As you study Scripture, be sure to spend time in the covenants that God makes with human beings. Covenants run from the beginning to the end of the Bible. See what a great salvation your God has prepared for you. And see what a great God invites you to draw near to Him.
Covenant is not a word that we use often in the West. But it is a word that can show up in surprising places. Some of us live in “covenant communities”—neighborhoods where each resident agrees to abide by a written set of standards designed to make people’s homes and yards look neat and presentable. Or perhaps you have been to a wedding recently and heard the word covenant used during the ceremony. In both of these examples, covenant is not tossed around casually. Investment in a home and in the lifelong union of a husband and a wife are weighty matters that deeply affect people’s lives. In an age not known for its seriousness or thoughtfulness, covenant manages to carry the sense of something important and abiding.
That weightiness lines up with the Bible’s teaching about covenants. What does the Bible have to say about what a “covenant” is? The answer to this question is far-reaching. Covenant sits at the very heart of the Bible’s teaching about what God is doing in the lives of human beings. If we want to understand the Bible’s teaching, then we should have a good handle on what the Bible says about the covenants.
What is a covenant? In brief, a covenant formalizes a relationship between two parties, and it does so in terms of promises, conditions, and signs. Covenants in Scripture, then, typically have parties, promises, conditions, and one or more signs. Let’s look at each of these.
Covenants in Scripture involve two parties. These parties are God and human beings. God and human beings are, of course, already in relationship before a covenant is made. God has made all people and preserves all people. In the garden, that relationship was one of open fellowship. Since the fall, that relationship is one of enmity. Because of sin, people are at war with God, and God is justly angry with them.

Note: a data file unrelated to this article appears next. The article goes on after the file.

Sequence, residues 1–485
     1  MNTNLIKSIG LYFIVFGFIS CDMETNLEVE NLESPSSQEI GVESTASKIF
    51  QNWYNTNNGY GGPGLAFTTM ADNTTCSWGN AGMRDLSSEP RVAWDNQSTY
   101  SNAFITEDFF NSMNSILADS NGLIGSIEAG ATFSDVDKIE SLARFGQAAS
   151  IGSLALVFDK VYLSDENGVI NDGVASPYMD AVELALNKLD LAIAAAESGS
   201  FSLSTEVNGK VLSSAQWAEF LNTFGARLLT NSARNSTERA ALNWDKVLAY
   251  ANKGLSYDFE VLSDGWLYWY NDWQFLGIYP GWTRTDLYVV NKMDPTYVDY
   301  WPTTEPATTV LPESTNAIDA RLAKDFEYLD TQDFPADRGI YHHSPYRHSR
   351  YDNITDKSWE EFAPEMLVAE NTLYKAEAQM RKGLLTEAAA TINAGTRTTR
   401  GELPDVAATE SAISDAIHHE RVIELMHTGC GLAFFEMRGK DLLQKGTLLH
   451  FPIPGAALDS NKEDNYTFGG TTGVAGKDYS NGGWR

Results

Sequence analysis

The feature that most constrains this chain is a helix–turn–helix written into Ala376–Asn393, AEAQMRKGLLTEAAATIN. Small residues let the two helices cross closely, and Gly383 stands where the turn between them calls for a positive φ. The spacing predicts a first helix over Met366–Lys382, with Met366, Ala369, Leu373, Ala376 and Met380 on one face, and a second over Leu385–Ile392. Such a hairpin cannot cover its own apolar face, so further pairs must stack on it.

This relationship helps us see something important about biblical covenants. In Scripture, we never see people approach God to make a covenant with Him. It is always the other way around. God pursues us. This pursuit is an act of grace. God seeks out His enemies.
God’s initiative shows us something else. In biblical covenants, we do not stand with God on the platform as equals. God condescends (comes down) to take us into covenant with Himself. And this was true even before the fall. In the garden, the distance between Creator and (sinless) man was so great that God condescended to enter into covenant with Adam.
When we think about parties to the covenants of Scripture, there remains something else we need to see. We have been thinking about the individual dimension of biblical covenants. But there is a corporate dimension as well. When God entered into covenant with Adam in the garden, Adam stood as the representative of all human beings who descended from him (except for Jesus, of course). That is what Paul teaches in Romans 5:12–21. When God made a covenant with Abraham, He told Abraham, “I will establish my covenant between me and you and your offspring after you throughout their generations for an everlasting covenant” (Gen. 17:7). This principle continues into the new covenant. The gospel promise, Peter told his hearers on the day of Pentecost, “is for you and for your children and for all who are far off, everyone whom the Lord our God calls to himself” (Acts 2:39, emphasis added).
So, there is a personal dimension to God’s covenants and there is a corporate dimension to God’s covenants. How can we hold these two dimensions in their biblical balance? In the first place, the Bible is clear that simply being a member of the covenant community does not save you. What counts, Paul tells the Galatians, is not whether you have Abraham’s DNA in your body. What counts is whether you trust in the God of promise, just as Abraham did (Gal. 3:7–9, 29). God did not choose to save every physical descendant of Abraham (Rom. 9:1–13). Only those whom God has chosen in eternity and effectively calls in time enjoy all the blessings of the covenant. Only those who have repented of their sin and have believed in Jesus Christ can know that they are walking in covenant with God in the fullest sense of the word (10:9–13).